Some international insurers suggested that the requirements might prevent them from trading in Europe – creating a “Fortress Europe” – but Solvency 2 seems to be emerging in multiple guises around the globe, in China, Latin America, South Africa and of course the U.S. in the form of RMORSA.

There’s lots written on this topic, such as http://www.solvencyiiwire.com/, and I won’t bore you, but as I looked out at the faces at a major conference in the U.S. where I spoke recently, I recognized the look I saw in many insurers in Europe in 2008 — that of not really knowing what was going to hit them.

Insurers were to discover that more than 80% of both cost and implementation time was absorbed in data management, 15% on analysis and the small balance on risk reporting. Yet the reporting element proved to be the only part visible – reminding me of an iceberg analogy, with the reporting being that part of the ‘berg visible above the waterline.

Comparing risk and regulation to an iceberg is interesting, and as I looked around the room at the conference, I wondered how many attendees were ready for what would be, for them, a long and difficult passage. But not, I hope, a Titanic one…

Waves of Change in Rapid-Growth Markets

Global expansion into new markets represents a powerful opportunity — especially as economic performance languishes in much of the developed world. As a result, insurance executives must regularly evaluate and refresh their strategies to identify which international markets are most likely to offer the best prospects.

As regional markets around the world become more connected and complex, however, understanding how best to optimize the balance between opportunities and risks in individual countries remains a significant challenge. Even in a world linked closer together by macroeconomic trends, mobile phones and the Internet, regulatory and cultural differences persist, and even nations that share a common border may diverge markedly when it comes to future risk.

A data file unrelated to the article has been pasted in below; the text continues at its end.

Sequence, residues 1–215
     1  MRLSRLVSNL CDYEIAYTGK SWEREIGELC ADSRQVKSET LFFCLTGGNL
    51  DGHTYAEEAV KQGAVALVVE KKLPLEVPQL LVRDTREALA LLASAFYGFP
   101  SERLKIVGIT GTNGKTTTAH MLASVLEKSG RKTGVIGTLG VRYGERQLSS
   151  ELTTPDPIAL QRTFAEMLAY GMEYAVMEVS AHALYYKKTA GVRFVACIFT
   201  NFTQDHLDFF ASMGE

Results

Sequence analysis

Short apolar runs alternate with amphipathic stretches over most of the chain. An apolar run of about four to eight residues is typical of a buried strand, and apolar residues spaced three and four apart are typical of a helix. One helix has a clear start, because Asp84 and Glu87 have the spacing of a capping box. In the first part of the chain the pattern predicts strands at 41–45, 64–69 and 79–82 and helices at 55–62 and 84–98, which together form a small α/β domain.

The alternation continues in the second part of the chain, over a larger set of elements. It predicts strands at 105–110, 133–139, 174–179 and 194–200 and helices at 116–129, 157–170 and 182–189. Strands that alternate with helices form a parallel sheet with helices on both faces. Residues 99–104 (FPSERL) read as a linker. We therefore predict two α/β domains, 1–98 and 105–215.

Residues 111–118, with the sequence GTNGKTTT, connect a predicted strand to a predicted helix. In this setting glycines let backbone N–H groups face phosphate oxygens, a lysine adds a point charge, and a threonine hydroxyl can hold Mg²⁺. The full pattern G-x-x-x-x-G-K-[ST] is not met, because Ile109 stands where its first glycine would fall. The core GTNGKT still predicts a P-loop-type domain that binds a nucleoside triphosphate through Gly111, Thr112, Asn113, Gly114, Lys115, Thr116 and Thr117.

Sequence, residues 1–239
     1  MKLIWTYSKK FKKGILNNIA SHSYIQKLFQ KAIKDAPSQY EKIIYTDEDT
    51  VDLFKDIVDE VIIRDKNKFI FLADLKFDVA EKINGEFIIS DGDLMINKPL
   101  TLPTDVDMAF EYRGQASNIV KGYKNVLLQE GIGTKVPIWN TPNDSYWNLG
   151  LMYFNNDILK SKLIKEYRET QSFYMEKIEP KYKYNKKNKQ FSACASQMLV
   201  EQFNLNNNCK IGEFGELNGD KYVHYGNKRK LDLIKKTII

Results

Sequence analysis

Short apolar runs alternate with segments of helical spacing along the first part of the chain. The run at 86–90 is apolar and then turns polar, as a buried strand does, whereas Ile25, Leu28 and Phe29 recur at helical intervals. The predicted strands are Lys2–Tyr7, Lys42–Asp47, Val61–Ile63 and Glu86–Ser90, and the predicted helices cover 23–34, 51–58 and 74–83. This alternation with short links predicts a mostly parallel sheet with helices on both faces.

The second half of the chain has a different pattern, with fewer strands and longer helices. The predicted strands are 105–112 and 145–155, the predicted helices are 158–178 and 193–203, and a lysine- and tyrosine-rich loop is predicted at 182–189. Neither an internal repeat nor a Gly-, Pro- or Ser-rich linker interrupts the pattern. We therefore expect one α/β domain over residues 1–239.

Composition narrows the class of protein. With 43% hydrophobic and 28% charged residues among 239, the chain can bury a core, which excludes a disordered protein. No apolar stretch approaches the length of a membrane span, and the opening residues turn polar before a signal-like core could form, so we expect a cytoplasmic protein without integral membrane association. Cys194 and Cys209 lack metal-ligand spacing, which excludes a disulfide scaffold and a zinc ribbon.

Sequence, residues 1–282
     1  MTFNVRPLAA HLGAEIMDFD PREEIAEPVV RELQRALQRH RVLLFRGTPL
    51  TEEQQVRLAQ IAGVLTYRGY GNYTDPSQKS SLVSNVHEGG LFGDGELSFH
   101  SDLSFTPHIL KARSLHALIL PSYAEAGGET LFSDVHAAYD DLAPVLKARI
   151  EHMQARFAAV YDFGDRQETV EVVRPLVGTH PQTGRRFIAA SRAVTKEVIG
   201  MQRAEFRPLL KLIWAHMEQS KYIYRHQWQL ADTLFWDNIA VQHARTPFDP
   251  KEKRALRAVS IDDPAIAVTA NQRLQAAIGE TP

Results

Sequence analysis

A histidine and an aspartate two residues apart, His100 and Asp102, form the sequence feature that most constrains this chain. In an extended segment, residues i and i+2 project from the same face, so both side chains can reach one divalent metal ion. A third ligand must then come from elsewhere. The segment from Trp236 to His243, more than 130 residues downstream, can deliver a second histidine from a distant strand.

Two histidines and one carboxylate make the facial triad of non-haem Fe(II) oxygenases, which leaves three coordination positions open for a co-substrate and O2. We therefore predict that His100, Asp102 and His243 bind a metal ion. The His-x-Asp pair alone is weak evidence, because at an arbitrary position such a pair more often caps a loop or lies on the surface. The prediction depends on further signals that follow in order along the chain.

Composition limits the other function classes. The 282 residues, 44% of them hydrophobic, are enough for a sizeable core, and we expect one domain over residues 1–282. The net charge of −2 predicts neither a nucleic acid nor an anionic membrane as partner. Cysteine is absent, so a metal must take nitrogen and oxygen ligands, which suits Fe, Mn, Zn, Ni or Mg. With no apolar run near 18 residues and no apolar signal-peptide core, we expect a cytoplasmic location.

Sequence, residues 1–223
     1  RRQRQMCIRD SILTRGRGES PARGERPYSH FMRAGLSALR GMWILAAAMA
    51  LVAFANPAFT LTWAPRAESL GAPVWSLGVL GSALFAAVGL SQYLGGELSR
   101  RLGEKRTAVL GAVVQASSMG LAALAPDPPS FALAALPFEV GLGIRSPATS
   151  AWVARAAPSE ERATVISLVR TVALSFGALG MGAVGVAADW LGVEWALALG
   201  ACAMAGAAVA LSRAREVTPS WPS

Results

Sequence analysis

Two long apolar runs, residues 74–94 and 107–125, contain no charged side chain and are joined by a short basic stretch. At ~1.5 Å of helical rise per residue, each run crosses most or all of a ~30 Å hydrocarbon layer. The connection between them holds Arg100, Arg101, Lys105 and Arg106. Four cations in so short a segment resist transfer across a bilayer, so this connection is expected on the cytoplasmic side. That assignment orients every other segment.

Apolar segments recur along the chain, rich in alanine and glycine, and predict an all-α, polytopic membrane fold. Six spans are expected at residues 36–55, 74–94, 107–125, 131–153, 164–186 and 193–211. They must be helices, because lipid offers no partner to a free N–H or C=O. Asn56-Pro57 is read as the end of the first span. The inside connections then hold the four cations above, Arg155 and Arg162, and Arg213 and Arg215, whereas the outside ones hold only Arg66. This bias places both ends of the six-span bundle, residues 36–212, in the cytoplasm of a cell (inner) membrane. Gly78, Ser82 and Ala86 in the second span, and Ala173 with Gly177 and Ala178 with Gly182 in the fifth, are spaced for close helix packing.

To help executives better understand the rebalancing now taking place across the insurance landscape in rapid-growth markets, we will highlight growth opportunities in specific countries around the globe.

While once-flourishing BRIC economies Brazil and India are now expanding at a slower pace, the U.S. is rebounding, and the U.K. and the Eurozone are at last rising from their doldrums. At the same time, a cluster of emerging markets, such as Malaysia, Indonesia, Mexico and Turkey, are making regulatory changes that could produce significant opportunities.

These shifts are causing insurance executives to reassess their strategies to determine which rapid-growth markets (RGMs) represent the most attractive investment options. To help navigate this rapidly evolving landscape, EY has created a matrix that analyzes the risks and opportunities for insurance firms across 21 RGMs. Our study identifies the following RGMs as particularly attractive for insurance investment:

Turkey offers a greater level of opportunity than any other RGM in the study but also poses substantial risks. An economic downturn cannot be ruled out. While political turmoil has cooled in recent months, tensions could return. In addition, markets for some lines of coverage are relatively mature.

Indonesia also offers an extremely strong economic growth picture — second only to China and Vietnam in our forecasts. However, it is challenging to obtain licenses, so acquisition is the main entry route.

China, despite a recent slowdown in growth rate, continues to boast extraordinary income growth that spurs auto and home ownership. In addition, an aging population will drive the development of the life and health markets. However, market entry remains difficult for foreign firms.

Malaysia offers an attractive mix of demographics and strong economic growth and has become a base for the development of takaful, sharia-compliant insurance.

Hong Kong (a special administrative region of China) ranks low for opportunity but presents less risk than any other market in our study. Hong Kong can also serve as a trade route into the rest of Asia.